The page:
117: Return on Character: Moral Habits & Reputation of CEOs Who Win | with Fred Kiel

by Joe Sherwood on August 1, 2015

Book-cover-Return-on-Character1When you’re the CEO or senior leader, bottom-line results matter. Especially when the going gets tough, the conventional assumption is that the big boss should push profits by any legal means necessary, even if it means twisting the truth, breaking promises, and being a jerk to other people.

But for most of us, that intuitively feels wrong. We’d like to think that virtue isn’t just it’s own reward; that doing the right thing and treating people right is smart business that also delivers results to the bottom line.

What does the data say?

A new study of more than 8,000 employees and 84 CEOs found that character really does matter. In fact, character-driven leaders and their teams consistently deliver nearly five times greater return, as well as reduced risk and higher employee engagement. In today’s show, Jesse interviews Dr. Fred Kiel, who led the study and wrote the new book Return on Character.

In addition to higher financial results, character-driven leaders and their teams achieve:

  • 26% higher workforce engagement
  • 20% advantage in keystone leadership skills of vision, strategic focus, accountability, and senior-team development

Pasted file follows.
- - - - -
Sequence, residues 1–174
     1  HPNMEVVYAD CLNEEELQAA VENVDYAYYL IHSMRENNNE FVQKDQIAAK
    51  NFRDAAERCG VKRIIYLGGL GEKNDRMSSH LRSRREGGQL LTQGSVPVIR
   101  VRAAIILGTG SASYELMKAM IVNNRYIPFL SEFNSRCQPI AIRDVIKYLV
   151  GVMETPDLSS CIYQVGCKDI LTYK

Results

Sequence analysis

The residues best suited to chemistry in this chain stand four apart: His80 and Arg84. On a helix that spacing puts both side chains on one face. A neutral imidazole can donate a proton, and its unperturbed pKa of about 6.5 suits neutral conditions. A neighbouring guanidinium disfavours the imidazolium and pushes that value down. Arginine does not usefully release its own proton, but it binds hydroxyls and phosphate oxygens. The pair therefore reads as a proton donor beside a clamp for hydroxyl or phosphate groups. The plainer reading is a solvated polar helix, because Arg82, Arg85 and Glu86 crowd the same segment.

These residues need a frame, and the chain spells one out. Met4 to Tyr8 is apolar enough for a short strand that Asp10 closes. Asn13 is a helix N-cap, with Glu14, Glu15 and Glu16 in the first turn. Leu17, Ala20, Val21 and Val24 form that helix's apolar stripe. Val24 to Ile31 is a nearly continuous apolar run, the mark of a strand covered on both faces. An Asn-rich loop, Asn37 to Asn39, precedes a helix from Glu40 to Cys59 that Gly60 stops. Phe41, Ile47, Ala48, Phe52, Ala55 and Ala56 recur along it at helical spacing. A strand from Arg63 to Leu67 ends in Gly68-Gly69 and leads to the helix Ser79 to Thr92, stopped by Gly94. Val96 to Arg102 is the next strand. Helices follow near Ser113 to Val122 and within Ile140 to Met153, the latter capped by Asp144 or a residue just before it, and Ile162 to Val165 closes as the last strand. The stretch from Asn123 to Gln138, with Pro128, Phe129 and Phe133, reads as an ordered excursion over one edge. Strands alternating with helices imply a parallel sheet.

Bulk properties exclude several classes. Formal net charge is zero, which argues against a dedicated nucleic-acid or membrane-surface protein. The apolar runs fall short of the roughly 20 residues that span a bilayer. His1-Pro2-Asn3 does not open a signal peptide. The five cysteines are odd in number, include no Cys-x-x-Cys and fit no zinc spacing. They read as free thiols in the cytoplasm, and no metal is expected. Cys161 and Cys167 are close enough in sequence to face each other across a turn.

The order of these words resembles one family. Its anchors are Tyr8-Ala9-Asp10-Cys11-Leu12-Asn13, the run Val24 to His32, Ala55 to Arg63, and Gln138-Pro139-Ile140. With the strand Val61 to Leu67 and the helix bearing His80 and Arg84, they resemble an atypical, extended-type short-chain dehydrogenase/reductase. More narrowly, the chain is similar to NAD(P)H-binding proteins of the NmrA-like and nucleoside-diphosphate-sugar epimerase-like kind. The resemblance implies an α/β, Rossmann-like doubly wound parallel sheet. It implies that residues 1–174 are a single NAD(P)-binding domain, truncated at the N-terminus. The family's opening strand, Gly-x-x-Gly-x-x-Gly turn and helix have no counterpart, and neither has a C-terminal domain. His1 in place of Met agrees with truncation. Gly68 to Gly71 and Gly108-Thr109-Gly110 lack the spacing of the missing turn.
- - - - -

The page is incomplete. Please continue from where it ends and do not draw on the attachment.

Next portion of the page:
• Lower levels of risk

Character is a combination of habits that can be learned and cultivated. Four key character habits lead to specific business outcomes:

  • Integrity leads to confidence in leadership – for example, keep your promises and follow through on your commitments.
  • Compassion leads to collaboration – for example, treat people as people rather than commodities or numbers.
  • Forgiveness leads to innovation for example, accept that people make mistakes (as distinguished from repeated carelessness)
  • Responsibility leads to a culture of accountabilityfor example, own up to your mistakes and correct them.

On top of the character scale are leaders Kiel calls “virtuosos,” and leaders at the bottom “self-focused.”

  • Virtuosos use both head and heart to orchestrate a high-performance team that serves others.
  • Self-focused leaders are mainly out for themselves.

Fred Kiel, PhD, is a psychologist and co-founder of the consulting firm KRW International. For more than 30 years, he has helped Fortune 500 CEOs and senior executives achieve leadership excellence and mission alignment. His previous book is Moral Intelligence.

Kiel Quote

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